Peering into plasma mirrors

When light interacts with a mirror which is moving towards it at a speed close to the speed of light, its wavelength is shifted into the extreme ultraviolet region of the spectrum. This effect was first predicted by Albert ...

Nanocomponent is a quantum leap for Danish physicists

University of Copenhagen researchers have developed a nanocomponent that emits light particles carrying quantum information. Less than one-tenth the width of a human hair, the miniscule component makes it possible to scale ...

Quantum gas turns supersolid

Researchers led by Francesca Ferlaino from the University of Innsbruck and the Austrian Academy of Sciences report in Physical Review X on the observation of supersolid behavior in dipolar quantum gases of erbium and dysprosium. ...

Direct imaging of active orbitals in quantum materials

In quantum materials based on transition metals, rare-earth and actinide elements, electronic states are characterized by electrons in orbitals d and f, combined with the solid's strong band formation. Until now, to estimate ...

Seven common myths about quantum physics

I have been popularising quantum physics, my area of research, for many years now. The general public finds the topic fascinating and covers of books and magazines often draw on its mystery. A number of misconceptions have ...

Quantum simulation more stable than expected

A localization phenomenon boosts the accuracy of solving quantum many-body problems with quantum computers. These problems are otherwise challenging for conventional computers. This brings such digital quantum simulation ...

Fluc­tu­a­tions in the void

In quantum physics, a vacuum is not empty, but rather steeped in tiny fluctuations of the electromagnetic field. Until recently it was impossible to study those vacuum fluctuations directly. Researchers at ETH Zurich have ...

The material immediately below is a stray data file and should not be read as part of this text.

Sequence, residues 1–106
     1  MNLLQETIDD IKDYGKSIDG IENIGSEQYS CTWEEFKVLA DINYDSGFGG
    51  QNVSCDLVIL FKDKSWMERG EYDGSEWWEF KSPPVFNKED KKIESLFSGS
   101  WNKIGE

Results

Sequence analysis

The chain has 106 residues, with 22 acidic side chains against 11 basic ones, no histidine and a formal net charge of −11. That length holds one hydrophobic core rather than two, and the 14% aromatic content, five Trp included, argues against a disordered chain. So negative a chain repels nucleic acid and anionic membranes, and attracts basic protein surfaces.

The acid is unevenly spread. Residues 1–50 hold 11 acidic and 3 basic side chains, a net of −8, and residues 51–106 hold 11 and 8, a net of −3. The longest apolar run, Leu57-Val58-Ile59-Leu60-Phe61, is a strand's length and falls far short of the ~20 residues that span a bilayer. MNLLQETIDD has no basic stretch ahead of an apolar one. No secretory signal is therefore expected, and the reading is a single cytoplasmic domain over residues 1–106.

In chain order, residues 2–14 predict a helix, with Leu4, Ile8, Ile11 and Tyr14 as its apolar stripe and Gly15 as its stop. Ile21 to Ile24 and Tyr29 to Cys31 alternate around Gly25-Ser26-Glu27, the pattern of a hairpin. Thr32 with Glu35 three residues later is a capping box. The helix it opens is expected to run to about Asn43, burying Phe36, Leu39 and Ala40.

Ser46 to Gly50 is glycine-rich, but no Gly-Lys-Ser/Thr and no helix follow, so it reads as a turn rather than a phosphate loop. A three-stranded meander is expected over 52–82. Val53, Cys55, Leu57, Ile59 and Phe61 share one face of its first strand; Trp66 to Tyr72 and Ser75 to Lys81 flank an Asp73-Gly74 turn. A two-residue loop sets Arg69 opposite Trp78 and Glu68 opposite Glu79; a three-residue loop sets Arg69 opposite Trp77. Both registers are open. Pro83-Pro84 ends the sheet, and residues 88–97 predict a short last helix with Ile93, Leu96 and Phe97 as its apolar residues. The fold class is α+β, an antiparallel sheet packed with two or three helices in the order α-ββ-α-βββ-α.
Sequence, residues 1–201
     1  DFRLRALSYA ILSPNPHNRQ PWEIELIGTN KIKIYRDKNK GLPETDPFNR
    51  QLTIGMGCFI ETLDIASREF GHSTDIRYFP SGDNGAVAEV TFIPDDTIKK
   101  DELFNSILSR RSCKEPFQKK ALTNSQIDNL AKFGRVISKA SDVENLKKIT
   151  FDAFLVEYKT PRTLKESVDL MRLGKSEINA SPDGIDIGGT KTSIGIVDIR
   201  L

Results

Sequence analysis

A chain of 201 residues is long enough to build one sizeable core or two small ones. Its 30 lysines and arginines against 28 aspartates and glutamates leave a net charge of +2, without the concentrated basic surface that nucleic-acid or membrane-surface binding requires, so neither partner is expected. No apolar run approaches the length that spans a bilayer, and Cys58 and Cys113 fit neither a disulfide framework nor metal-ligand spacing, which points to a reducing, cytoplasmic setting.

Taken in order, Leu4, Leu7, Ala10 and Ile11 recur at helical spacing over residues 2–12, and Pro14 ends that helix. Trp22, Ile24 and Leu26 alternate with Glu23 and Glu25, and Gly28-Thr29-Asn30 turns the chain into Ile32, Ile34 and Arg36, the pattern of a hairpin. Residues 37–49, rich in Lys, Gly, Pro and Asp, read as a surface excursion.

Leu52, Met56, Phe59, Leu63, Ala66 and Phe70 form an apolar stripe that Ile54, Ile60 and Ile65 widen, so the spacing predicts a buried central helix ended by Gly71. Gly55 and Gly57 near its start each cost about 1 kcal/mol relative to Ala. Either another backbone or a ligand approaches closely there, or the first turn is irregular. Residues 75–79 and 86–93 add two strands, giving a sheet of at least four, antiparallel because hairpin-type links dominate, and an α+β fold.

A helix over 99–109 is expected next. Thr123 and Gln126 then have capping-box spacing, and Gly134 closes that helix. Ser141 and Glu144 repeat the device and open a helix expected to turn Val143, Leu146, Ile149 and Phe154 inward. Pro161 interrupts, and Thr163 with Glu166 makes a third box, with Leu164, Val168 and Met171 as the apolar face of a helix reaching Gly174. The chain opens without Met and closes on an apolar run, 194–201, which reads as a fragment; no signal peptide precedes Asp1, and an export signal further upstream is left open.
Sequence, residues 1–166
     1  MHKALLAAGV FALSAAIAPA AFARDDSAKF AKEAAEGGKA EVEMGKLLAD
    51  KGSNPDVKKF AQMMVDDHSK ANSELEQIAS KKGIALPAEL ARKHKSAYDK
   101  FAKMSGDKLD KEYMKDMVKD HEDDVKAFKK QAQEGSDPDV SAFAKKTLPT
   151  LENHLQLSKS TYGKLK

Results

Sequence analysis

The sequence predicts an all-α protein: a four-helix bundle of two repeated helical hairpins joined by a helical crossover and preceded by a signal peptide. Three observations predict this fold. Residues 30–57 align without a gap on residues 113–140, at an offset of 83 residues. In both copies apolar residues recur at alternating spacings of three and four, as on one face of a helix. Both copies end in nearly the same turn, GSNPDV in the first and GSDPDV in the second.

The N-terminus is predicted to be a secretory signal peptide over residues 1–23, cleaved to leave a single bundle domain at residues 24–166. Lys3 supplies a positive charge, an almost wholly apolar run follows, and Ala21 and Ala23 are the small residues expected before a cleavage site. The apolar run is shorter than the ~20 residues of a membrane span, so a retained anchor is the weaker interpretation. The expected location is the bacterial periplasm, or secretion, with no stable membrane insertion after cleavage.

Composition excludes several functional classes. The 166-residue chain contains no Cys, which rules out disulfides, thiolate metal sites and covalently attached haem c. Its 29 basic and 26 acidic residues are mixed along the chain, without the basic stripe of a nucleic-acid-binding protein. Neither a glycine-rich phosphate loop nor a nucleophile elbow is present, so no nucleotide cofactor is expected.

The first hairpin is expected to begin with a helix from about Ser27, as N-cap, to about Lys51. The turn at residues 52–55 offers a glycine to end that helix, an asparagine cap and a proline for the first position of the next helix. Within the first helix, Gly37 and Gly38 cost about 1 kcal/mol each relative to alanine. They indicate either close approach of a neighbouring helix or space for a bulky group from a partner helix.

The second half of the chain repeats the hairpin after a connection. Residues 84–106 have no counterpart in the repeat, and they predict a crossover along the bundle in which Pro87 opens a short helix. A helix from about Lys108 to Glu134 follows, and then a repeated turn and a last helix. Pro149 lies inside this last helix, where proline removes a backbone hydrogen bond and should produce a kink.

Scientists set record for light-matter interaction

An international team of physicists from the Mandelstam Institute for Theoretical Physics at Wits University and the Institut Néel in Grenoble, France, has created a tiny superconducting circuit that mimics the quantum mechanical ...

Quantum physics and origami for the ultimate get-well card

Paper-based diagnostic tests are cheap, convenient and biodegradable. However, their use is limited by conventional dyes—which are not bright enough to show trace amounts of analyte, are prone to fading, and can be environmentally ...

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Quantum mechanics

Quantum mechanics is a set of principles underlying the most fundamental known description of all physical systems at the submicroscopic scale (at the atomic level). Notable among these principles are simultaneous wave-like and particle-like behavior of matter and radiation ("Wave–particle duality"), and the prediction of probabilities in situations where classical physics predicts certainties. Classical physics can be derived as a good approximation to quantum physics, typically in circumstances with large numbers of particles. Thus quantum phenomena are particularly relevant in systems whose dimensions are close to the atomic scale, such as molecules, atoms, electrons, protons and other subatomic particles. Exceptions exist for certain systems which exhibit quantum mechanical effects on macroscopic scale; superfluidity is one well-known example. Quantum theory provides accurate descriptions for many previously unexplained phenomena such as black body radiation and stable electron orbits. It has also given insight into the workings of many different biological systems, including smell receptors and protein structures.

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